Kettle Chips is a great example with their Chile Verde flavoured crisps. Sadly, it also scores high on the ‘Not’ list, with their Tropical Salsa crisps infused with mango salt and cooked in 100% avocado oil.
Another one worth mentioning is Angie’s Popcorn:
6. Eating Digital
Half of the Millennial consumers find out about food through social networks, this trend taking off by means of food video blogs, eating journal videos and more.
Celebrities do lots to add to this, with many often sharing short videos of themselves cooking or posting photos of their meals, by means of Instagram and Snapchat.
A brand that took off on the bases of consumers’ interest in seeing and wanting to eat what their favourite celebrities are eating is food app Wine ‘N Dine, dubbed the ‘Instagram of food’. It gained unexpected traction with celebrities, who used it to share what and where they ate.
North America takes the lead when it comes to Facebook usage, with 62% of the population. To put that into perspective, the worldwide share of population using Facebook is 22.9%.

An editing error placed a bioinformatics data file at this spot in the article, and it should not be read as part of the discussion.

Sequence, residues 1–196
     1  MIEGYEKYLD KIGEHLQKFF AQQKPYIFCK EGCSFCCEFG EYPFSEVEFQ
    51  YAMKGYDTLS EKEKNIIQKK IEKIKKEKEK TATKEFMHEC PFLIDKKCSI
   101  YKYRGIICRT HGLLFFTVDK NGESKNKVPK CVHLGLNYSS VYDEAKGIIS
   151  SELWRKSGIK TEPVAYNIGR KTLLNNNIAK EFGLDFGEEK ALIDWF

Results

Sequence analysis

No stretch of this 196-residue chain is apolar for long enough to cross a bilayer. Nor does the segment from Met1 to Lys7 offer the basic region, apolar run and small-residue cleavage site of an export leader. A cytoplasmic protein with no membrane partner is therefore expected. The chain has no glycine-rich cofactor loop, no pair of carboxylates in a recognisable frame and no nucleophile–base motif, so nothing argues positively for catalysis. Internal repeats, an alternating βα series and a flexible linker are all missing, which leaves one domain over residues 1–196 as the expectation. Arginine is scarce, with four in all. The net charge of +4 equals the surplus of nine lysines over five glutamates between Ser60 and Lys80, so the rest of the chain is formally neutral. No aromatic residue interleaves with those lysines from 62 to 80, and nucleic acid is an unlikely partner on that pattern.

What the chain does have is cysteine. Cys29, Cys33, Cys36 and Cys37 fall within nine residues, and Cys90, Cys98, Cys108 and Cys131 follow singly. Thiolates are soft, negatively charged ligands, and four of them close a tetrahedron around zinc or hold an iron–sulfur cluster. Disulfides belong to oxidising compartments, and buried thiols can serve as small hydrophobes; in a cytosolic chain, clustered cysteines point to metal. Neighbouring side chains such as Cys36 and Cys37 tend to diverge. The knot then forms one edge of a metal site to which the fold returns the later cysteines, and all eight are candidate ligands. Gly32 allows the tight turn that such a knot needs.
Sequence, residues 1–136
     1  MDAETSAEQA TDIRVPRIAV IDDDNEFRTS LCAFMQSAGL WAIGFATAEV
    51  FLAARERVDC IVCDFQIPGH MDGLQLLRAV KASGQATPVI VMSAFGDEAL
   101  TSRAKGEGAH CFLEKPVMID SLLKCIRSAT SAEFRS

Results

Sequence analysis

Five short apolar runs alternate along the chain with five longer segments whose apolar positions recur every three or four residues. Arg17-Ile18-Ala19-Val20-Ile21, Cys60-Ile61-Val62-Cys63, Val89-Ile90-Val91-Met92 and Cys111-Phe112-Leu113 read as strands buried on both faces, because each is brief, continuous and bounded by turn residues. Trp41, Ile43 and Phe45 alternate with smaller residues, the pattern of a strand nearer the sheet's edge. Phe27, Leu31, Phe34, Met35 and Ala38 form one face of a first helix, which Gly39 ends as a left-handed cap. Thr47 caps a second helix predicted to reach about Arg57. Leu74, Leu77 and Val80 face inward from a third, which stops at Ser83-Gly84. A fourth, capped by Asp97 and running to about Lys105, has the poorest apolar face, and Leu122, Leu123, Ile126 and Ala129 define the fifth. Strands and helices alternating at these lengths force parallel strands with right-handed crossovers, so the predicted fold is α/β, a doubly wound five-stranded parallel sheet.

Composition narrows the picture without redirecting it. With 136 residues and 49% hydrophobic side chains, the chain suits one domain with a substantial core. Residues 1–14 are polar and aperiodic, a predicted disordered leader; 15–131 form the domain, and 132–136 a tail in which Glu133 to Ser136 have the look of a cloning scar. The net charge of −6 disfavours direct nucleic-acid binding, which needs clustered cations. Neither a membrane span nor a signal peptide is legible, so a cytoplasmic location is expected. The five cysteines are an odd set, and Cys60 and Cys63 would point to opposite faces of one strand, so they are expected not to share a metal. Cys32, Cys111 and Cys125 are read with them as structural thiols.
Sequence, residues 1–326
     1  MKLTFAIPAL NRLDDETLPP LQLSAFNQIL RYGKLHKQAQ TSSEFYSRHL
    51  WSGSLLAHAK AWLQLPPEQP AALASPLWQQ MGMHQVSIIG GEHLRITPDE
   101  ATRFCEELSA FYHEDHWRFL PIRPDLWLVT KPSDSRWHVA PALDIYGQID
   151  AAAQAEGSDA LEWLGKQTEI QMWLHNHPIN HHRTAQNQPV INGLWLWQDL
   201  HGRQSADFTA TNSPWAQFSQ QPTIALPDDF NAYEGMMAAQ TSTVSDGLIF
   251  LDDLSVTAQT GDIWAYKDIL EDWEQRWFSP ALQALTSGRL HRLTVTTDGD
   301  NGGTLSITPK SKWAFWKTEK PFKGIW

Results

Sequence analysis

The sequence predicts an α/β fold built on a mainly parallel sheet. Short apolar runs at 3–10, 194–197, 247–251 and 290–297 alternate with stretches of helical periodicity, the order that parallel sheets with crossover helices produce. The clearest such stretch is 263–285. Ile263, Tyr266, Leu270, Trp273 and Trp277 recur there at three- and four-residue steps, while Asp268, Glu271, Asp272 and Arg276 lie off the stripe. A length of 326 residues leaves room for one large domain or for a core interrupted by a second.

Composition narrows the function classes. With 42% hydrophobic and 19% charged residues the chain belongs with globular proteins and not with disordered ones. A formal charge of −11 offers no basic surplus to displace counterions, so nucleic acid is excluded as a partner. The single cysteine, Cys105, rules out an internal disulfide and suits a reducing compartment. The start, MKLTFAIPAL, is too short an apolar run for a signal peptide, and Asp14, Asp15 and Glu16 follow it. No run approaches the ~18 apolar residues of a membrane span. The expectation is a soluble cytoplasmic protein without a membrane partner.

When looking at the data, it’s no wonder consumers are looking to escape reality and picture themselves in an influencer’s shoes even for a few seconds: 40% of the market is eating at their desks and 43% of Americans enjoy eating alone, as a way to catch up on social media, TV and reading. Online channels like YouTube reach more 18-49 year-olds than any cable network in the U.S.
The increasing amount of food blogs and cooking shows have made the topic of food a public culture, with 1 in 2 Americans now taking photos of their food. And it’s not just a Millennial thing. Generation X is also spending more than 6 hours on social media every week.